This probabilistic approach to categorisation allows the computer to learn from its experiences, since the assigning of probabilities can be adjusted the next time a similar object is encountered. Fuzzy logic is already in use today in software such as computer speech and handwriting recognition programs, which learn to perform better through "training."


The combination of fuzzy logic and neural networks enables robot pioneers to detect the obstacles in an unfamiliar terrain (left, a sequence of one image being processed), assess the relative safety of various alternative routes, and plot a path to its destination (right, a three-image panorama), all without real-time human guidance.


Neural networks also have the ability to learn from experience. This shouldn't be too surprising, since the design of neural networks mimics the way brain cells -- called "neurons" -- process information.

"Neural networks allow you to associate general input to a specific output," Ayanna says. "When someone sees four legs and hears a bark (the input), their experience lets them know it is a dog (the output)." This feature of neural networks will allow a robot pioneer to choose behaviours based on the general features of its surroundings, much like humans do.

To accomplish this, neural nets contain several layers of "nodes," which are analogous to neurons. Each node in one layer is connected to nodes in the other layers. Signals travel through this web of connections with each node acting as a gate, only relaying signals above a certain strength. Adjusting that threshold for individual nodes is how the network 'learns'.

In this simple example of a neural network, input signals are fed into the yellow layer on the left, pass through the two processing layers, then emerge on the right as output signals. This architecture can perform some surprisingly sophisticated logic, especially when feedback loops are added.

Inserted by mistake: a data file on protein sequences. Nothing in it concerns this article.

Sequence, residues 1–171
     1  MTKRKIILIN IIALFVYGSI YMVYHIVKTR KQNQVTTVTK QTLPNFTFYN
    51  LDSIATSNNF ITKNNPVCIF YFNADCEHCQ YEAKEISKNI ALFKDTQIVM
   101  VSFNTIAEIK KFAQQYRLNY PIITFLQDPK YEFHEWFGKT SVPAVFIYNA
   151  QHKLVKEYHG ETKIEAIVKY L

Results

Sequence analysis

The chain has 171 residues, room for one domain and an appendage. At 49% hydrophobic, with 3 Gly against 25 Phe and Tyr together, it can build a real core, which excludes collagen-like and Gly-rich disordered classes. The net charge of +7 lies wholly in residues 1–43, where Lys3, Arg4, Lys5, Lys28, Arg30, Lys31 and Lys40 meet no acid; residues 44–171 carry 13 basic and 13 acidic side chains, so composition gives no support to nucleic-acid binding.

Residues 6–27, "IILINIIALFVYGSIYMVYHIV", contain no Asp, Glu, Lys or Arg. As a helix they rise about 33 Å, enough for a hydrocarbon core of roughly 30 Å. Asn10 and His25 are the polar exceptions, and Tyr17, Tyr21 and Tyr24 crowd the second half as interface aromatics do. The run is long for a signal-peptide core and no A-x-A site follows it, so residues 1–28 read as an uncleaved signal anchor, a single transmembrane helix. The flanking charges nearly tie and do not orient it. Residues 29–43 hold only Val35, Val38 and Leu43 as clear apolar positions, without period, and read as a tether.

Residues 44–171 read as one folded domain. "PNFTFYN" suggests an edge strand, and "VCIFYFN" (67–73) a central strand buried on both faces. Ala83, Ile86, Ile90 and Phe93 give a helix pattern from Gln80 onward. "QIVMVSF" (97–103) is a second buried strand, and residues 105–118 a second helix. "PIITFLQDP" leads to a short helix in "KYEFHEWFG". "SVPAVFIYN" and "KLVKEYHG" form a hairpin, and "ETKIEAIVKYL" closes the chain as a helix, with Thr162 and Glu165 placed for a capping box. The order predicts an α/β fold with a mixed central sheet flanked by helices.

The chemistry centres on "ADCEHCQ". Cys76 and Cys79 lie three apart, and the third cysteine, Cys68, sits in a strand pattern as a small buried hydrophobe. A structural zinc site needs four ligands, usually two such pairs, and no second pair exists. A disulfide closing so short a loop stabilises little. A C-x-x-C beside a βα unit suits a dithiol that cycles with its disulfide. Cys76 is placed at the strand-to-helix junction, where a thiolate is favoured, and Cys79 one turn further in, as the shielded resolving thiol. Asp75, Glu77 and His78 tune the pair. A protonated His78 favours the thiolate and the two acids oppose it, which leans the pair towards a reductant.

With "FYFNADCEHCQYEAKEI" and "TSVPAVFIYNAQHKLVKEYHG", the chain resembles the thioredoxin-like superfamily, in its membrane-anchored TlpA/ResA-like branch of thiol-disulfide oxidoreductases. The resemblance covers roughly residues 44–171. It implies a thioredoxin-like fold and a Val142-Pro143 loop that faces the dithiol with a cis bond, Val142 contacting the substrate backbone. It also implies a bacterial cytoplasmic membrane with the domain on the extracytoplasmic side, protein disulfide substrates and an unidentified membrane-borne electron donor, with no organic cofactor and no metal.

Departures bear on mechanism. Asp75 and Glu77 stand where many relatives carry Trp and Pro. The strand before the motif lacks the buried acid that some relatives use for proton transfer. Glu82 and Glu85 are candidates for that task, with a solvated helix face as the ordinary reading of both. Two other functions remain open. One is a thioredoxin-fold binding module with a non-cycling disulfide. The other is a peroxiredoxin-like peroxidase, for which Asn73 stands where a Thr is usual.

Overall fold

This dinner-napkin sketch of neural nets may sound relatively simple, but in practice, these artificial brains can perform some astoundingly complex logic. In fact, Ayanna calls neural nets a "black-box technology" -- in other words, what happens between the input layer and the output layer is often so difficult to decipher that scientists just treat it as a "black box" that somehow converts inputs into outputs.

By combining these two technologies, Ayanna and her colleagues at JPL hope to create a robot "brain" that can learn on its own how to expertly traverse the alien terrains of other planets.

Such a brainy 'bot might sound more like the science fiction fantasies of children's comics than a real NASA project, but Ayanna thinks the sci-fi flavour of the project contributes to its importance for space exploration.

Ayanna -- who wanted to be television's "Bionic Woman" when she was young, and later decided she wanted to try to build her instead -- says she believes that the flights of imagination common in childhood translate into adult scientific achievement. 

"I truly believe science fiction drives real science forward," she says. "You must have imagination to go to the next level."

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First Science 2014